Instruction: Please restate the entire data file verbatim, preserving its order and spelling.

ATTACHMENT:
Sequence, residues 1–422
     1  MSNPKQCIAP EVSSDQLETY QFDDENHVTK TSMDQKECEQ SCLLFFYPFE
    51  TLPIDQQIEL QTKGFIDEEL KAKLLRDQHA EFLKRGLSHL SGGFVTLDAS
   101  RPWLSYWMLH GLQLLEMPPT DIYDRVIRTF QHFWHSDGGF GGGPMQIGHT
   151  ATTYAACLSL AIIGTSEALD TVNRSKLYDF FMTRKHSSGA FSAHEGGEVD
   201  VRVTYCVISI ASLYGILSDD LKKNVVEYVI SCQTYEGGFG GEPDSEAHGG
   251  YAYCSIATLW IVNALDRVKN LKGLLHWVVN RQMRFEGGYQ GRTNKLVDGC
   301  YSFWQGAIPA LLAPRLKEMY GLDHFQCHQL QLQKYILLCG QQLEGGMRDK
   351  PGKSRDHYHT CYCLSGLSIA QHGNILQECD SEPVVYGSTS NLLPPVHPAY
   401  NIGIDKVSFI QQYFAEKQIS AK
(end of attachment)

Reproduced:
Sequence, residues 1–422
     1  MSNPKQCIAP EVSSDQLETY QFDDENHVTK TSMDQKECEQ SCLLFFYPFE
    51  TLPIDQQIEL QTKGFIDEEL KAKLLRDQHA EFLKRGLSHL SGGFVTLDAS
   101  RPWLSYWMLH GLQLLEMPPT DIYDRVIRTF QHFWHSDGGF GGGPMQIGHT
   151  ATTYAACLSL AIIGTSEALD TVNRSKLYDF FMTRKHSSGA FSAHEGGEVD
   201  VRVTYCVISI ASLYGILSDD LKKNVVEYVI SCQTYEGGFG GEPDSEAHGG
   251  YAYCSIATLW IVNALDRVKN LKGLLHWVVN RQMRFEGGYQ GRTNKLVDGC
   301  YSFWQGAIPA LLAPRLKEMY GLDHFQCHQL QLQKYILLCG QQLEGGMRDK
   351  PGKSRDHYHT CYCLSGLSIA QHGNILQECD SEPVVYGSTS NLLPPVHPAY
   401  NIGIDKVSFI QQYFAEKQIS AK